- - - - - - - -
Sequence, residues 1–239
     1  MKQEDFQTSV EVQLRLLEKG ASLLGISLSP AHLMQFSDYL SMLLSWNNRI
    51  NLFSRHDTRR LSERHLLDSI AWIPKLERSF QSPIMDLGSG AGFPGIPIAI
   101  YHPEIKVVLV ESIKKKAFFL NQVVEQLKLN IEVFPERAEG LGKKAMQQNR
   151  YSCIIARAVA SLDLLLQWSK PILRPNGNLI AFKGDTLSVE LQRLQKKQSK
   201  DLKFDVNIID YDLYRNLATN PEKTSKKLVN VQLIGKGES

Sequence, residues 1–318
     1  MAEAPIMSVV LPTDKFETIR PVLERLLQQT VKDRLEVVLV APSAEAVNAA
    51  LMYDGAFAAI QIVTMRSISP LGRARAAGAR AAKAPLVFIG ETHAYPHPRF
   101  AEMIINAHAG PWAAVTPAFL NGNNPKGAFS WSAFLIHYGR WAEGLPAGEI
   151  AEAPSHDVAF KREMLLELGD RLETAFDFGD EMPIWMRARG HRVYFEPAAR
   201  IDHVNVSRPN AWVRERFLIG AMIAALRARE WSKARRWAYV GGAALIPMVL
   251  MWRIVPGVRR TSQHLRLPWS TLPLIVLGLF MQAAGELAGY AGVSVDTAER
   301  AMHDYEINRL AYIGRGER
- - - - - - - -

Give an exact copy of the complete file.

Sequence, residues 1–239
     1  MKQEDFQTSV EVQLRLLEKG ASLLGISLSP AHLMQFSDYL SMLLSWNNRI
    51  NLFSRHDTRR LSERHLLDSI AWIPKLERSF QSPIMDLGSG AGFPGIPIAI
   101  YHPEIKVVLV ESIKKKAFFL NQVVEQLKLN IEVFPERAEG LGKKAMQQNR
   151  YSCIIARAVA SLDLLLQWSK PILRPNGNLI AFKGDTLSVE LQRLQKKQSK
   201  DLKFDVNIID YDLYRNLATN PEKTSKKLVN VQLIGKGES

Sequence, residues 1–318
     1  MAEAPIMSVV LPTDKFETIR PVLERLLQQT VKDRLEVVLV APSAEAVNAA
    51  LMYDGAFAAI QIVTMRSISP LGRARAAGAR AAKAPLVFIG ETHAYPHPRF
   101  AEMIINAHAG PWAAVTPAFL NGNNPKGAFS WSAFLIHYGR WAEGLPAGEI
   151  AEAPSHDVAF KREMLLELGD RLETAFDFGD EMPIWMRARG HRVYFEPAAR
   201  IDHVNVSRPN AWVRERFLIG AMIAALRARE WSKARRWAYV GGAALIPMVL
   251  MWRIVPGVRR TSQHLRLPWS TLPLIVLGLF MQAAGELAGY AGVSVDTAER
   301  AMHDYEINRL AYIGRGER